Succulents Care versus Cacti Care


For those of you lucky enough to live where you can grow these outdoors in the ground, just skip this post altogether. This is for those of us who resort to growing these little plants (which quite naturally would grow in arid and semi arid parts of the world) in little dishes, pots and trays.

What took me aback the other day was when a frequent commenter on my blog remarked on the fact that my “house plants” actually do live in the house for 9 months of the year.

I have remarked here before that the Spoiler has told me that I live in the wrong climate. He usually says this after we have taken a trip to somewhere much more temperate than our own “frozen north” climate (as I uncharitably refer to Connecticut, which is actually quite mild by comparison to say, Buffalo, New York, or any part of Minnesota). While on that trip I will have undoubtedly pointed to any number of plants and remarked “oh we have this” and “we have that,” and when he asks where, I will tell him which particular window of our house it’s residing in–in other words, all those plants are not in our garden, but are house plants! So I really need to live in a climate where I can grow more of what I love outside!

But I digress. You see my little bowl of succulents, above. All of the plants in that bowl are succulents. What, exactly is a succulent? It is a plant with fleshy leaves  for  water storage.

Therefore, because these leaves store water, you don’t need to water the plants as often as you might a plant with “regular” leaves that just lose moisture through transpiration. You’ll also want to ensure that these plants are planted in a potting mix that is drains quickly–often cacti and succulent mix is specifically sold for this type of plant.

So that’s what a succulent is. What is a cactus?

At first, you might be confused because the definition sounds remarkably similar to a succulent. A cactus is usually defined as a plant with succulent stems or branches with sharp spines or points and single flowers. Basically the difference between succulents and cacti are the absence (or presence) or spines and the type of flowering.

I’ve included photos of some of my cacti, above, so you can see the “spines versus just just fleshy leaves” difference. Sometimes photos make all the difference in explaining these ideas.

It can be more complicated than that, of course. Succulents and cacti grow in different regions of the world, often; they do belong to different genuses; and some succulents will have single flowers as well (but not the sharp spines of the cactus so that you won’t be confused).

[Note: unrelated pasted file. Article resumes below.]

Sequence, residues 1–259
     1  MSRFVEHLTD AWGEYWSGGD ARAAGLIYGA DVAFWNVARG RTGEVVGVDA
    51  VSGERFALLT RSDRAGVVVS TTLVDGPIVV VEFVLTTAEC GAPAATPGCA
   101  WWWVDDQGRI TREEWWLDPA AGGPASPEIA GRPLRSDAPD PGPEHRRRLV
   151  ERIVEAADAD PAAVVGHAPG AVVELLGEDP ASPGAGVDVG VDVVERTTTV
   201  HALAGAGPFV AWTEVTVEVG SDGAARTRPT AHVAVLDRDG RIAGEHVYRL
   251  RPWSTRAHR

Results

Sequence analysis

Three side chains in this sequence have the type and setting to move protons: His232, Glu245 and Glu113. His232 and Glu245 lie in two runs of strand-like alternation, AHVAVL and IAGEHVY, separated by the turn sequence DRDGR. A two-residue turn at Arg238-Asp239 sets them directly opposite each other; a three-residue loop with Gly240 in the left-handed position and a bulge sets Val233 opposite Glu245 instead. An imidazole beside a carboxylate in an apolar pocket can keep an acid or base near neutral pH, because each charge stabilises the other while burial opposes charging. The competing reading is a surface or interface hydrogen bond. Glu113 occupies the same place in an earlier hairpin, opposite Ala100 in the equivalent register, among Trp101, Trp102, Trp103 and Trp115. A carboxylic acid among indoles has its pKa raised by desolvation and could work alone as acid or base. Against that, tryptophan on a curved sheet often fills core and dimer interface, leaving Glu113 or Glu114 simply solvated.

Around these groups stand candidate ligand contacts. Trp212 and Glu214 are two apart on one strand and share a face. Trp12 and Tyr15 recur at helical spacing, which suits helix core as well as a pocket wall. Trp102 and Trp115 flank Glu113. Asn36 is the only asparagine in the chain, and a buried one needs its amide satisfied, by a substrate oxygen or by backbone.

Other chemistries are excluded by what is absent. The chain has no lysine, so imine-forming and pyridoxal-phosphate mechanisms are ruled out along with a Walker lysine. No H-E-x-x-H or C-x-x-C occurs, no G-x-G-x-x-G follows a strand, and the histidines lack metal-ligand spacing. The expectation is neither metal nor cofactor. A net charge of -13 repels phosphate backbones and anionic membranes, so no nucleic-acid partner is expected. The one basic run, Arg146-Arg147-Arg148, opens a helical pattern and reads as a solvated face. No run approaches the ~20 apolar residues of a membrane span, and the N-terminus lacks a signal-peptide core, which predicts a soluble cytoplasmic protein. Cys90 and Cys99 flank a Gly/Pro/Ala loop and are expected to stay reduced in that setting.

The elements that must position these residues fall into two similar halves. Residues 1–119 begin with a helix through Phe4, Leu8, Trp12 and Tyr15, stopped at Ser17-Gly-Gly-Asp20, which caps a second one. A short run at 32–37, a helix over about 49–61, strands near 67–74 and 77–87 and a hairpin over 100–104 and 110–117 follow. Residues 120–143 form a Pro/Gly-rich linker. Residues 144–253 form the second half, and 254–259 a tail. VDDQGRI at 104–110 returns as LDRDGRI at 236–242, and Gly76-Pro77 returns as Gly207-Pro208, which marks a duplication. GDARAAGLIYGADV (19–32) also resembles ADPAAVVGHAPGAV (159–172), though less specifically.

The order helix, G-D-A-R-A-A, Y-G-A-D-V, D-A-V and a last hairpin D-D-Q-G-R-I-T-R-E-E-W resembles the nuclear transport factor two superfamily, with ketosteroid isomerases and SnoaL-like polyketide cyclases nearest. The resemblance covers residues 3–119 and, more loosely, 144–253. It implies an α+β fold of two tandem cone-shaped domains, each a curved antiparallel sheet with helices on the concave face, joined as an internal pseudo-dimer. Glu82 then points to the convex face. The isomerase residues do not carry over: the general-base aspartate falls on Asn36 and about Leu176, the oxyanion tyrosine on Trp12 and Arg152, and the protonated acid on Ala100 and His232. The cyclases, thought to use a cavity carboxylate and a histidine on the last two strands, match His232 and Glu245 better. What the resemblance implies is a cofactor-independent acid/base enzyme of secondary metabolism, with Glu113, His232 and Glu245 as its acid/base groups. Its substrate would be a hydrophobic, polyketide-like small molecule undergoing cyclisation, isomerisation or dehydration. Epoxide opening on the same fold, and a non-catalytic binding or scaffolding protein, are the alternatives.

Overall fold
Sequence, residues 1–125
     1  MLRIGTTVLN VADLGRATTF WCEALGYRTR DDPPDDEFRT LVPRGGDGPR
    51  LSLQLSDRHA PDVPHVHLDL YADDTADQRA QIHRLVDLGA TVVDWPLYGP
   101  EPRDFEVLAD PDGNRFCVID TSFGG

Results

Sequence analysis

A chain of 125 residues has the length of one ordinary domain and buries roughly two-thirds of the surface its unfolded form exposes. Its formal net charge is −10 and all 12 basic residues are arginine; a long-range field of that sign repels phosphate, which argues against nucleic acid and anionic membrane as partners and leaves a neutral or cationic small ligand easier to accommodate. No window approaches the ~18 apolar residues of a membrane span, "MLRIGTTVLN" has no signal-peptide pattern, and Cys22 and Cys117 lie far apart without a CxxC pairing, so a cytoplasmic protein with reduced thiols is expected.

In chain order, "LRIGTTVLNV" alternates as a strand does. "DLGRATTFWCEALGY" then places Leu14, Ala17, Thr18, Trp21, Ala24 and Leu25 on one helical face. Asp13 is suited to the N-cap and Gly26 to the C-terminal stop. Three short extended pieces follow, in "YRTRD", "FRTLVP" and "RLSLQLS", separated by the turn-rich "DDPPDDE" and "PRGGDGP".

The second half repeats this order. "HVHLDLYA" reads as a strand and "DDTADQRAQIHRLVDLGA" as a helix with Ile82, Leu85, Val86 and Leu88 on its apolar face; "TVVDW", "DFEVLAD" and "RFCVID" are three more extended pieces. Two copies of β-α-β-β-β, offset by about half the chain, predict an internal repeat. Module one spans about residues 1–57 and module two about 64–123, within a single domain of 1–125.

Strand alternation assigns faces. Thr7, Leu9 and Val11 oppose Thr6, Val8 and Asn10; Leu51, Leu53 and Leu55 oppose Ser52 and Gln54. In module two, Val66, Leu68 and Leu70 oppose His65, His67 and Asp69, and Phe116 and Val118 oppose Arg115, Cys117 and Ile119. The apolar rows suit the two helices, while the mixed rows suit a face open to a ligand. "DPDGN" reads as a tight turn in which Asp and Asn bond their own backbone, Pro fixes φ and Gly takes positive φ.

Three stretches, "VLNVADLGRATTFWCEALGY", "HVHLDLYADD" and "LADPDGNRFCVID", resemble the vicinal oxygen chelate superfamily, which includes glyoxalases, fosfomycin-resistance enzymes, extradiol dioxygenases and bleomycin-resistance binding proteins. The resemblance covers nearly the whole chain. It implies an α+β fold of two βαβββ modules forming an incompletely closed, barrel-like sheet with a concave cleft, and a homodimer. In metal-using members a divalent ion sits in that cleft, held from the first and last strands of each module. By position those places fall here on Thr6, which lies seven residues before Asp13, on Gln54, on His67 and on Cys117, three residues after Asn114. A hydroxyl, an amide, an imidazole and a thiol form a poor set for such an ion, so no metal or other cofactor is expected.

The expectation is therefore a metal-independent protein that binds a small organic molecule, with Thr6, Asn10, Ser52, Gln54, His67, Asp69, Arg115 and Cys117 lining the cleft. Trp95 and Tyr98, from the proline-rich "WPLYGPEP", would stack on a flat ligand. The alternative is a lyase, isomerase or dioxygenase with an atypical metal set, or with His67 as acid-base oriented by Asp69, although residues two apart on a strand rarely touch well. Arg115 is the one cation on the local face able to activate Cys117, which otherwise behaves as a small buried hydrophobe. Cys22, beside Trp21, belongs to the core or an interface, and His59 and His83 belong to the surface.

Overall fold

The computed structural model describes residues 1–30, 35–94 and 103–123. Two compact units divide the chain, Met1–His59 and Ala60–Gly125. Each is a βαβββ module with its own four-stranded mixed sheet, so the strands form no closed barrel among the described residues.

But the most important difference is in care. Because cacti are from an arid region, they will generally want water less often than a succulent (although be careful about this–I have been known to kill cacti from too little water! Most people over-water their cacti. I am probably one of the few that starve them for water!)

While cacti love full sun, they can sunburn next to a window if they get too dry.

And they too want very fast draining potting mix.

So with these basic (and they are basic!) definitions in mind, perhaps you’ll be able to better care for your succulents and cacti.



4 thoughts on “Succulents Care versus Cacti Care

  1. The Chatsworth Lady September 29, 2019 / 12:35 pm

    Thanks so much for explaining the distinction! I have always mentally lumped them together, using a sort of “all cacti are succulents but not all succulents are cacti” (il)logic which clearly is not exactly right, lol.

  2. gardendaze September 29, 2019 / 5:39 pm

    I have seen a lot of that sort of explanation about the cacti and succulent thing. Since I never really found it helpful for me, I thought I would see if I could try a different take on it. I am sure the botanists are cringing at my simplifications.


    • tonytomeo September 29, 2019 / 8:51 pm

      Cringing? It is accurate. It is actually how I ‘start’ to explain it to others who do not understand that aloes and agaves are not cacti. The explanation can get more complicated from there. There are actually many cacti that are native to tropical rain forests. Most agaves are actually native to deserts and chaparrals. Some classify yuccas and their relatives as succulents, but I do not. Physiologically, they are more like palms.

  3. gardendaze September 30, 2019 / 5:31 am

    I took pains, Tony, to say that this was just a basic definition and it could be much more complicated than my simple explanation. This is for the house plant growers–I said that right at the top of my post. Those of you lucky enough to grow things like agaves (which most of us won’t attempt in containers for obvious reasons–I remember your post on that one!) and all those gorgeous succulents outdoors need more.


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